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Concern Over Creating Black Holes 597

Posted by kdawson
from the nothing-to-fear dept.
Maria Williams writes to tell us about worry surrounding the impending startup of CERN's Large Hadron Collider. Some fear that the device, in creating mini black holes, could jeopardize Life As We Know It. While the tiny black holes should evaporate quickly — throwing off so-called Hawking radiation that can be detected — CERN software developer Ran Livneh reminds us that "Any physicist will tell you that there is no way to prove that generated black holes will decay." The LHC site assures us there's nothing to worry about. The flap is reminiscent of the time the Relativistic Heavy Ion Collider went live. The worry then was that "negative strangelets" could gobble up the world.
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Concern Over Creating Black Holes

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  • by daveschroeder (516195) * on Monday September 11, 2006 @12:51PM (#16082503)
    ...no crap about John Titor [wikipedia.org] actually being a real person.

    Thanks.

    For those who don't know, in the John Titor story, the CERN LHC allegedly lays the groundwork for using artificial black holes as part of a time machine (made for the military by General Electric, of course!).

    (And no, John Titor is not a real time traveler.)

    For example:

    Along with the prediction of World War III, another notable prediction is that of a Civil war in America, which was predicted to begin in 2004, around the time of the presidential election, and would escalate until 2008, which, according to Titor, "[is] a general date by which time everyone will realize the world they thought they were living in was over."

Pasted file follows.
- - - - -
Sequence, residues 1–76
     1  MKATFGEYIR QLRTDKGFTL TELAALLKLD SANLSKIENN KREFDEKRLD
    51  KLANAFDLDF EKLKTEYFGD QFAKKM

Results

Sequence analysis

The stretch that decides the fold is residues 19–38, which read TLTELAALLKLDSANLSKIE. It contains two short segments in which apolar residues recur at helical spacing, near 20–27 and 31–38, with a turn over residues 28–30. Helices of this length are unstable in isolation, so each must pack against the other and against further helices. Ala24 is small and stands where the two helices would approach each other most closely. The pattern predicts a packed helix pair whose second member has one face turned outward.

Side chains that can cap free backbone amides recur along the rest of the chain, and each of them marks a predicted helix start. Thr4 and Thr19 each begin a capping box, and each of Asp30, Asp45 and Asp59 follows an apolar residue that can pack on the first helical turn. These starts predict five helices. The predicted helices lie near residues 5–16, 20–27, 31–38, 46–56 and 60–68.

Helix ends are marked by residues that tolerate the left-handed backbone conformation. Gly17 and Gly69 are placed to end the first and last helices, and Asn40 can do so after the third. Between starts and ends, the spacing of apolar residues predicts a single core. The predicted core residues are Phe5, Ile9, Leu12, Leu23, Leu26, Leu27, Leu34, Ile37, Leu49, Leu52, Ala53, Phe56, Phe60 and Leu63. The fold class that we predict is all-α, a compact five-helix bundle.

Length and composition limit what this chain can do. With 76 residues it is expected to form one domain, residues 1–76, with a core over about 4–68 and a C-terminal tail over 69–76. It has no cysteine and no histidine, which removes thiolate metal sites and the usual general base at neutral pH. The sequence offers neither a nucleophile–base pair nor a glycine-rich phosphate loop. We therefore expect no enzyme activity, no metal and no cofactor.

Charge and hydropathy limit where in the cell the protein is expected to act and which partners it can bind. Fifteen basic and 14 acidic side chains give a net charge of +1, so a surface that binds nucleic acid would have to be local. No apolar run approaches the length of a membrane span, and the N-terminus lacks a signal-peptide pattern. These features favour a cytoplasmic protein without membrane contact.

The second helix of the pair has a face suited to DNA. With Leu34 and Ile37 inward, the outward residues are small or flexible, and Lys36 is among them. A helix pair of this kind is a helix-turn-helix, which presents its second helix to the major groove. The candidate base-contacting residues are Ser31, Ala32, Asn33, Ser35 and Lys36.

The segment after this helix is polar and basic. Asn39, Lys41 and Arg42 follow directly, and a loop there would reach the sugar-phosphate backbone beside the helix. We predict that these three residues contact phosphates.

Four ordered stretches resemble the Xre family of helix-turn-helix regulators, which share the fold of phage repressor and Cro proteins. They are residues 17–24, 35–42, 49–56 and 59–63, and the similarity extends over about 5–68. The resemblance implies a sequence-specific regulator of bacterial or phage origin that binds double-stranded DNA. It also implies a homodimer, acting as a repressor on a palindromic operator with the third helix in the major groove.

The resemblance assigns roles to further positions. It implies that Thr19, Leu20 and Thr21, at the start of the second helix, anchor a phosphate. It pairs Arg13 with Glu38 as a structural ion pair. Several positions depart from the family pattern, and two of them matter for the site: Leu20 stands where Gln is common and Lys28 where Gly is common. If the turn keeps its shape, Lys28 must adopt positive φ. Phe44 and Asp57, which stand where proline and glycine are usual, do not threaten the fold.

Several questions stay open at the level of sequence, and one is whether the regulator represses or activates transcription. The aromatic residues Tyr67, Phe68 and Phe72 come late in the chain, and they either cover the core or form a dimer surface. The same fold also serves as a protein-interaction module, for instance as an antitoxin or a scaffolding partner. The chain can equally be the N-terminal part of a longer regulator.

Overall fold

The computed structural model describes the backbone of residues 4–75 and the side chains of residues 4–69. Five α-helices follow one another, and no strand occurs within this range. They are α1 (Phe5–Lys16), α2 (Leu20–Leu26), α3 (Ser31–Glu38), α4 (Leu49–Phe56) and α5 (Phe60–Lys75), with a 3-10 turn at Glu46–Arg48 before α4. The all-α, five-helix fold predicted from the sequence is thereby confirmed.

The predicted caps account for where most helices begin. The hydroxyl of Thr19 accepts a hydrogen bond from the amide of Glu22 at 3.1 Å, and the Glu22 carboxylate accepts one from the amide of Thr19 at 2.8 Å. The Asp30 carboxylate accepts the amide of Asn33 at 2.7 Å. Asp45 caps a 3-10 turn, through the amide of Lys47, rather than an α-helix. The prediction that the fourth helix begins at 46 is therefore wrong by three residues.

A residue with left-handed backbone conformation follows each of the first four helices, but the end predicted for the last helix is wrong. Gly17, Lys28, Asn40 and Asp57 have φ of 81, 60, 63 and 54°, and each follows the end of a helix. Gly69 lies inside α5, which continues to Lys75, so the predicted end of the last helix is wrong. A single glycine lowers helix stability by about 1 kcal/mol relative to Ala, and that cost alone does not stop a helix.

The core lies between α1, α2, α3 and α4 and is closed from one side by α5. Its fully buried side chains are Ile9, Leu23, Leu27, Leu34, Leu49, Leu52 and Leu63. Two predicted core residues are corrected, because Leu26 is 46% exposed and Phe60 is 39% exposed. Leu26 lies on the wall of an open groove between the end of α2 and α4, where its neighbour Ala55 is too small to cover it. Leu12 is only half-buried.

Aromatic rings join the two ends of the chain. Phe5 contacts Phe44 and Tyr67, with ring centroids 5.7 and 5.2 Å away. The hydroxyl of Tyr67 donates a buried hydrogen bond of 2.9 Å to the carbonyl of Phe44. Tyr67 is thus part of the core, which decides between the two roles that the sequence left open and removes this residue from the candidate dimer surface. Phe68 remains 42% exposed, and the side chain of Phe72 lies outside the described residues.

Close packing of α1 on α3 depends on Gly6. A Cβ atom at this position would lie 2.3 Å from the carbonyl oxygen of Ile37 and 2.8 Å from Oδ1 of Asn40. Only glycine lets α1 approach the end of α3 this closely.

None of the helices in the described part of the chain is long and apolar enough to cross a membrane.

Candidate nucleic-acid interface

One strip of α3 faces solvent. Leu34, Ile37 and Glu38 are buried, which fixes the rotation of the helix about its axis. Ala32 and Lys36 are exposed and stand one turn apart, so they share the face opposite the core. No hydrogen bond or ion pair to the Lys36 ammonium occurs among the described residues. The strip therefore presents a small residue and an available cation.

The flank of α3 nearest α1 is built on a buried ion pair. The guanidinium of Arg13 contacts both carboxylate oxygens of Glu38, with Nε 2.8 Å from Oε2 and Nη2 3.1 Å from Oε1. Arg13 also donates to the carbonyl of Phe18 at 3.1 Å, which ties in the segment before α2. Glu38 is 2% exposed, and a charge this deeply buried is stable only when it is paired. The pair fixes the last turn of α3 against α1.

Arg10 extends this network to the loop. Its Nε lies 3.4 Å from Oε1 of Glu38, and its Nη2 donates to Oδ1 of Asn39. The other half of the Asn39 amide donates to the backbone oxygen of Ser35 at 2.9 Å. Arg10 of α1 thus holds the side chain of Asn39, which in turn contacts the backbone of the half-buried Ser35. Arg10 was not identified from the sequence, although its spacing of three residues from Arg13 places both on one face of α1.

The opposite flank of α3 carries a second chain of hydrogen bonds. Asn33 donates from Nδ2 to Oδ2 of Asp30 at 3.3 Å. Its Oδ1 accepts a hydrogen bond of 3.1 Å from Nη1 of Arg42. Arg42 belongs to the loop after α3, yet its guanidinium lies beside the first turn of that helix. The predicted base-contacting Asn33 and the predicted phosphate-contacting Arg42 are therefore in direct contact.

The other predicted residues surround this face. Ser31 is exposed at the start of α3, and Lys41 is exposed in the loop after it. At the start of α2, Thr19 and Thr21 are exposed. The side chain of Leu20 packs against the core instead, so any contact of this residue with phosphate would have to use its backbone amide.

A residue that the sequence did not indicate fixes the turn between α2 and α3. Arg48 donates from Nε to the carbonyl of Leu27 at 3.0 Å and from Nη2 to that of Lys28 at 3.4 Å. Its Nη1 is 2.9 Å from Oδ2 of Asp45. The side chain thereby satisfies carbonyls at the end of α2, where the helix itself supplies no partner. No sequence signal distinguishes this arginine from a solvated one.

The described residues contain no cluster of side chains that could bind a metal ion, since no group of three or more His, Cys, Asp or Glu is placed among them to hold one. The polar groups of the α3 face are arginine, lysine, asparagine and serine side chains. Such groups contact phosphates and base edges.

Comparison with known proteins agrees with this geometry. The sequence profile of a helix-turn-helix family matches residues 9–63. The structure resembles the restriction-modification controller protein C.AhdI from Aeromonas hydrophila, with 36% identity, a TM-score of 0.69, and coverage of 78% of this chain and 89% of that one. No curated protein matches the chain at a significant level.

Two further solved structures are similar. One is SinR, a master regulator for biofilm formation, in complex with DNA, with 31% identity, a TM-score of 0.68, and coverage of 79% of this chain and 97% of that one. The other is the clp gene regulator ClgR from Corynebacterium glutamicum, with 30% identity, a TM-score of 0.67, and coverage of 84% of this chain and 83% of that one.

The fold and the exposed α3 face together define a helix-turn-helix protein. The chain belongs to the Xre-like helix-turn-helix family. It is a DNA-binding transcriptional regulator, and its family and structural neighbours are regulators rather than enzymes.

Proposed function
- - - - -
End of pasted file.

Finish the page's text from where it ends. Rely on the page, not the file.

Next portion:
Even statements like this are subjective and many people still choose to believe; I'm sure there are many slashdot readers (judging from the kind of posts I see here) who believe we are currently in a nascent "civil war" and that, indeed, the "world they thought they were living in was over." This is all typical vague crap that can be viewed a variety of different ways, Nostradamus-style, and never soundly disproven, conspiracy-theory-style. Even now, people are arguing that John Titor's visit may have allowed us to "change our future". Yeah, because the mental giants who believe the John Titor story have had a huge impact on things.

    ...

    It's quite impressive how many people actually believe this tripe, though.

    • by Anonymous Coward on Monday September 11, 2006 @12:58PM (#16082592)
      ...Yet
    • So what you're saying is, at the Large Hadron Collider safety is not guaranteed. [ytmnd.com]
    • Even statements like this are subjective and many people still choose to believe; I'm sure there are many slashdot readers (judging from the kind of posts I see here) who believe we are currently in a nascent "civil war" and that, indeed, the "world they thought they were living in was over."

      Actually, the civil war prediction is pretty clear-cut. Do we have two or more large factions of Americans shooting each other for political purposes? No. Therefore, while the country is certainly polarized, we are

    • by OakDragon (885217) on Monday September 11, 2006 @01:16PM (#16082783) Journal
      ...Civil war in America, which was predicted to begin in 2004, around the time of the presidential election...